What Washington had to say to Tehran was expressed more emphatically outside the Iraqi prime minister’s residence in Baghdad, where their ambassadors met Monday, May 28, than during their four hours at the conference table.
On May 22, the nuclear-powered aircraft carrier USS Enterprise (CVN 65) (Big E) set sail for the Persian Gulf from its homeport at Naval Station Norfolk.
Its eventual arrival at the head of a strike force will raise the US naval flotilla off Iran’s shores to three carriers and three strike groups, the largest concentration of naval, air and marine force the United States has ever assembled on the Islamic Republic’s doorstep.
It represents a further military escalation against Iran, in keeping with Vice President Dick Cheney’s pledge to Gulf rulers earlier this month of four carriers in Gulf and Red Sea waters.
The Big E is the nub of the Enterprise Carrier Strike Group and home to Carrier Air Wing (CVW).
The group includes the guided-missile destroyers USS Arleigh Burke (DDG 51) USS Stout (DDG 55), USS Forrest Sherman (DDG 98), USS James E. Williams (DDG 95), the guided-missile cruiser USS Gettysburg (CG 64), the fast-attack submarine USS Philadelphia (SSN 690) and the fast-combat supply ship USNS Supply (TAOE 6).
The flying crews of the Carrier Air Wing are well experienced in combat missions in the Persian Gulf and Arabian Sea where they operated for most of 2006.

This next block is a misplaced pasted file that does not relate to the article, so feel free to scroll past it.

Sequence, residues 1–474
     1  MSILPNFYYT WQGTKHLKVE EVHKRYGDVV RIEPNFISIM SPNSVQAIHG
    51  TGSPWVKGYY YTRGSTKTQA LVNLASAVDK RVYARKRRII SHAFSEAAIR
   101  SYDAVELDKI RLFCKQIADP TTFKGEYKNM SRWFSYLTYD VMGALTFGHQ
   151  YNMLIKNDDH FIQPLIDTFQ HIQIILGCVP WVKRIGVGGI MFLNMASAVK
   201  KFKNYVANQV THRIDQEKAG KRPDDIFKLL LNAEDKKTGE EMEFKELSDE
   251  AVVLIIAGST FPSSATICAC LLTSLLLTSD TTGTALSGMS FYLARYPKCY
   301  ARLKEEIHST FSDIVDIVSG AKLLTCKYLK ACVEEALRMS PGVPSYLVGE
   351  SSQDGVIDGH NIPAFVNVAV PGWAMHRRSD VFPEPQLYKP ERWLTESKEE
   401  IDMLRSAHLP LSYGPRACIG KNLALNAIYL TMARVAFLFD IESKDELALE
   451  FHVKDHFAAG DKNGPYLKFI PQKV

The wing is composed of F/A-18 Super Hornet; the Sidewinders of the Strike Fighter Squadron VFA-86; Marine Fighter Attack Sqhadron (VMFA) 251, which all fly the F/A-18 Hornet; Helicopter Anti-Submarine Squadron (HS) 11, which fly the EA-6B Prowler; Sea Control Squadron (VS) 32, which fly the S-3B Viking; Airborne Early Warning Squadron (VAW) 123 which fly the E-2C Hawkeye; Fleet Logistics Support Squadron (VRC) 40 which fly the C-2A Greyhound.
The Iranian delegation led by Ambassador Hassan Kazemi-Qomi knew perfectly well that this floating war machine was en route when they sat down and faced US ambassador Ryan Crocker at the home of Iraqi prime minister Nouri al-Maliki.
What they saw was a tough American front.
While the Bush administration agreed to engage the Islamic government in official bilateral talks for the first time, its stance was strictly limited to an agenda dictated by US demands and direct Iranian responses to those demands. Tehran’s positions were not to be addressed. The Americans adopted this negotiating strategy both to underline their status as the superior power with the whip hand, and to avoid being dragged into time-consuming wrangling which would suit Tehran’s book.
This unilateral stance is unlikely to take the American dialogue with Iran very far. It was clearly laid out in advance by an American delegation, which secretly visited Tehran to prepare the way for the Baghdad conference, as will be shown in the next article.